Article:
For all these ingredients, sandalwood oil is used as the base oil since the natural fragrance of the oil vanishes and it imbibes the aroma of the flower.

The Right Way To Apply Attar

It is mentioned in our ancient texts as to which part of the body should be anointed with attar for the maximum benefits in terms of aroma and health to the body and mind. Attars are applied on ‘pulse points’ which emanate the aroma most effectively. The blood vessels are nearest to the skin at the pulse points giving off much heat thus serving as mini pumps of fragrance. The warmth generated from the pulse points diffuses the aroma of the attar into the air. The continuous diffusion function of the body helps the wearer to enjoy the aroma through the day.

The sensitive pulse points are located behind the ears, between the breasts, on the neck and on the ankles, elbows and knees. Attar is to be applied on the heart centre, over the points of wrist pulse, back portion of the ears and on the subtle energetic pathways called marma points known as ajna or sthapani on the middle of forehead area. These points are conducive for the aromatic oils and they can be fully absorbed into the skin and the release of fragrance is gentle and subtle around the body. These aromatic attars regulate the breathing rhythm, stabilize the heartbeat, soothe the nervous system and calm the brain. These gentle aromatic attars lift your spirits to a higher level of consciousness, regulate prana and circulate the vital energy throughout.


A Brief About Sandalwood Oil

Sandalwood oil is distilled from the matured tree heartwood and the roots of the tree. The oil is extracted by water or steam distillation method. A mature sandalwood tree yields up to 60 kilograms of perfumed oil. Most of the oil produced is used by the perfume and toiletries industry. The world famous Sandalwood soap is manufactured from the oil extracted from the trees grown in the forests of Karnataka around Mysore.

The advantage with perfume manufacturing using the distillation process is that the fragrance improves with the age of attar. The sandalwood oil is a fantastic fixative and an excellent preservative. If the attars are carefully preserved,the quality improves with age like in a vintage wine.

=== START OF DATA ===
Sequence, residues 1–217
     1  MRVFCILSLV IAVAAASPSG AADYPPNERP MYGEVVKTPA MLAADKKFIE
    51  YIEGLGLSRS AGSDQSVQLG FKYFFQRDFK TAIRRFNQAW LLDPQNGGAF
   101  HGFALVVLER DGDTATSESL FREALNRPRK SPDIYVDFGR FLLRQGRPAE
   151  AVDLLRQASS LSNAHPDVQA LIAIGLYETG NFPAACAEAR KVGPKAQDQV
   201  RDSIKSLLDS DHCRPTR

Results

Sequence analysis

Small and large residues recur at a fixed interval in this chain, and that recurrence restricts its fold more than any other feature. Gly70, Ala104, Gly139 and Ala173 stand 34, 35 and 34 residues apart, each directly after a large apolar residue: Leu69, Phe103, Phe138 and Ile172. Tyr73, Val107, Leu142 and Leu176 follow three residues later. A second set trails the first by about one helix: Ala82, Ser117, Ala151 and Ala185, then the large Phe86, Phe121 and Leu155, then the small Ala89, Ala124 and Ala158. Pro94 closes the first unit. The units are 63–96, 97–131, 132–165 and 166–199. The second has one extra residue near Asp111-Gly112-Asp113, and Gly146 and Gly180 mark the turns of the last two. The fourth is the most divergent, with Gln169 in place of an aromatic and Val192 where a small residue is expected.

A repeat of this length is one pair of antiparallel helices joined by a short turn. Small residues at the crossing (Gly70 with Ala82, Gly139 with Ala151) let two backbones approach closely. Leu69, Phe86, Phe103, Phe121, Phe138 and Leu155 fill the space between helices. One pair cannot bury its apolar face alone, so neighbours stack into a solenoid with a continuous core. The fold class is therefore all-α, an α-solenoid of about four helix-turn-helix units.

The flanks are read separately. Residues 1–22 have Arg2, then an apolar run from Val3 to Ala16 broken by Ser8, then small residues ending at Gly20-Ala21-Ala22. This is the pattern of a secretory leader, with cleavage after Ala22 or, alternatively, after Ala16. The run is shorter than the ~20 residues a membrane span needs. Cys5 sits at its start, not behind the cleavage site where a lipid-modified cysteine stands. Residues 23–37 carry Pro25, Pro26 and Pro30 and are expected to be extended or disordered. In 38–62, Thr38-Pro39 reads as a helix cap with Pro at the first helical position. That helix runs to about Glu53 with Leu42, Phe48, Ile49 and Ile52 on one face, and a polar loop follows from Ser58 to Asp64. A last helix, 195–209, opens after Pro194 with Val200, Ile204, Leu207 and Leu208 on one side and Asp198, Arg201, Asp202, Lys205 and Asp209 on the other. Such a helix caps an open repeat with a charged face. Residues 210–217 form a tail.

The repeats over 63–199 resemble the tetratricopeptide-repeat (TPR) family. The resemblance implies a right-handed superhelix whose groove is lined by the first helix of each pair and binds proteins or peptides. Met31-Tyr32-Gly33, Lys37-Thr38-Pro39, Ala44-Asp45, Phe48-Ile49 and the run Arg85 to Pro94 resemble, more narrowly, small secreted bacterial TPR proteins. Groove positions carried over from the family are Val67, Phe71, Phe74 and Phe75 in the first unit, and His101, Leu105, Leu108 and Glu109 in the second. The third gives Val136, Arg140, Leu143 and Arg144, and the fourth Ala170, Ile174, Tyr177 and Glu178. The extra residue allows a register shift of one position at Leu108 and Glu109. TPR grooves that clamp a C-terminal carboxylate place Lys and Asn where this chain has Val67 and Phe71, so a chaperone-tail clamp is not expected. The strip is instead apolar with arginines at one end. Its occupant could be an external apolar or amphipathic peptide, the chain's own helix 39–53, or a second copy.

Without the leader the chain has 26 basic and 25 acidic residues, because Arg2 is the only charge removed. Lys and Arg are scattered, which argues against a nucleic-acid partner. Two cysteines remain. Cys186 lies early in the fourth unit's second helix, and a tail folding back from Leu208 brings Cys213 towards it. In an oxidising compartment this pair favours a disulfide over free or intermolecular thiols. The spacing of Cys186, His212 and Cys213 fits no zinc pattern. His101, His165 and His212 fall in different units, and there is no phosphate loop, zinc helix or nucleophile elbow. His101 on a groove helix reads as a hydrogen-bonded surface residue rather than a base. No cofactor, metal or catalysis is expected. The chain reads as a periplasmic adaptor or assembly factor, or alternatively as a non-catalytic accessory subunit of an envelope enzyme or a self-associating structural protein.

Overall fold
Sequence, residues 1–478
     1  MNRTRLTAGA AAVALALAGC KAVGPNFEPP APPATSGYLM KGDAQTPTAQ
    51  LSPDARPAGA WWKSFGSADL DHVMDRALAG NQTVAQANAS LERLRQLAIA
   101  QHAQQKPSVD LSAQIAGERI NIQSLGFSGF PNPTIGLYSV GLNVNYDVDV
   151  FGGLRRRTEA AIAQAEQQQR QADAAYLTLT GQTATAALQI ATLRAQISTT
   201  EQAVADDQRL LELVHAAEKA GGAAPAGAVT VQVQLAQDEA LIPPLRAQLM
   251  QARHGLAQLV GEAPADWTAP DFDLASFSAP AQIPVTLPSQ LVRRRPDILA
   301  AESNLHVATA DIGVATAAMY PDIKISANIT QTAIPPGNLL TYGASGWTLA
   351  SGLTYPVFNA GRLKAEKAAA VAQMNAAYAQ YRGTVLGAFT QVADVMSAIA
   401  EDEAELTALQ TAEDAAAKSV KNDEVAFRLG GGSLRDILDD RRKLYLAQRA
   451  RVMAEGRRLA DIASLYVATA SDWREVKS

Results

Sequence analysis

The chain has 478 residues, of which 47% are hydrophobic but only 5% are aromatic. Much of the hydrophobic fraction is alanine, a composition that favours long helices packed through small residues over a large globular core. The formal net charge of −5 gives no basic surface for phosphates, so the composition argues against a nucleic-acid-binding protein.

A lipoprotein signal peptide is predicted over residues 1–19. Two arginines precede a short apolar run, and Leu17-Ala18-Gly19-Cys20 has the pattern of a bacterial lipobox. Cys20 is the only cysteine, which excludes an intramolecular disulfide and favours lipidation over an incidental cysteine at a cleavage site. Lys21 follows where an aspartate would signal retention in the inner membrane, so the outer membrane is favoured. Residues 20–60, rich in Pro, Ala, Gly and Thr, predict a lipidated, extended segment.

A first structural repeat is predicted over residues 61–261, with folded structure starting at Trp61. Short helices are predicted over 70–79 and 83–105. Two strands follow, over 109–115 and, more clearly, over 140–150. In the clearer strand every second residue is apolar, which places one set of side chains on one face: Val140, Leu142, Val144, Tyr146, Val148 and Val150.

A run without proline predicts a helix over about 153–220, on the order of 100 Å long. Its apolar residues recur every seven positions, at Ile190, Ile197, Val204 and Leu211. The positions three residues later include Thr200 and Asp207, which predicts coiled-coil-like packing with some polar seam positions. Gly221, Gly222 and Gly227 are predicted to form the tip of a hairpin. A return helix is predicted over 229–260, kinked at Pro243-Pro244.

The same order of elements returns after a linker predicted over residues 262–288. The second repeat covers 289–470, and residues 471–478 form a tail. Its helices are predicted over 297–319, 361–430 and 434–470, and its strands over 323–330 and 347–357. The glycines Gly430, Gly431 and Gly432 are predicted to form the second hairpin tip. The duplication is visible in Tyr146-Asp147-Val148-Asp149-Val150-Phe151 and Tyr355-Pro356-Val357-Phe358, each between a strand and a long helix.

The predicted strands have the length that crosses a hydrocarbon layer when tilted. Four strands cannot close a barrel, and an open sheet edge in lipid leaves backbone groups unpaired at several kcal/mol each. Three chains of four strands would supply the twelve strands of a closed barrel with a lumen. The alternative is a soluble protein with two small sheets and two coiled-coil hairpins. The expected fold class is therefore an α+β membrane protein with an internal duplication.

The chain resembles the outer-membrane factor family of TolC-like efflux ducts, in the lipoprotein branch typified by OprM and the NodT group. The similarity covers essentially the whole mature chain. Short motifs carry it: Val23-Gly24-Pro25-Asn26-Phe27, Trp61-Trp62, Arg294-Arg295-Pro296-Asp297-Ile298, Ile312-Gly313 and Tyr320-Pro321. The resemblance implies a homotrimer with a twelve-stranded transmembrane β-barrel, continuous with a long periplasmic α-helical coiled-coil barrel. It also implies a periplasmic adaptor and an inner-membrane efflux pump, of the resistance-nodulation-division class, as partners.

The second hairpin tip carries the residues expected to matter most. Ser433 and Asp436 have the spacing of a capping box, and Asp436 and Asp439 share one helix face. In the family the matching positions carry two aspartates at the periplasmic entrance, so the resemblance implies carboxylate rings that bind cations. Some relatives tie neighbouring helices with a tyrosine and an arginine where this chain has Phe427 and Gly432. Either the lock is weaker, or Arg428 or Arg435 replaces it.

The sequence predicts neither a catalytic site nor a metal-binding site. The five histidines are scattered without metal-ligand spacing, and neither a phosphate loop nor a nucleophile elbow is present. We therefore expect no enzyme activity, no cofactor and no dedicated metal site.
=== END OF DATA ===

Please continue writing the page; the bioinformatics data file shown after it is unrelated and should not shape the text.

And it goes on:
An Interesting Anecdote About Mysore Sandal Soap

There is a very interesting story on how the Mysore Sandal Soap came into existence. During the British rule in India, the Maharaja of Mysore used to harvest the sandalwood oil and export the same to England. It so happened that for some reason or the other, one shipment of sandalwood oil was rejected and the Maharaja did not know what to do with such huge precious cargo. One of his advisers advised the Maharaja to use the aromatic oil in his own production of soaps. The Maharaja immediately commissioned a soap-making plant to manufacture high class sandalwood soaps. Thus, the Maharaja stopped all export of sandalwood oil and the produce was used in the production of sandalwood soaps and in other related perfumery and toiletries industry. Till India attained independence, the Maharaja Soap factory was run by the Kingdom of Mysore.


Mysore Sandal soap













You never must have given a thought about how attar is made till now. But behind it is an elaborate process and the vessels used were made for a purpose. With the advent of technology, traditional methods are slowly taking a hit along with all things associated with it. By now I guess you know that every time you apply a drop of attar, thousands of flowers  go into making the perfume along with the hard manual labor of artisans who take it upon themselves to keep alive the tradition of the dwindling craft of making attar. The attar is natural and made from nature’s most delicate creation known as flowers and aromatic produce. It is gentle on the skin and has no side effects. It is absolutely divine!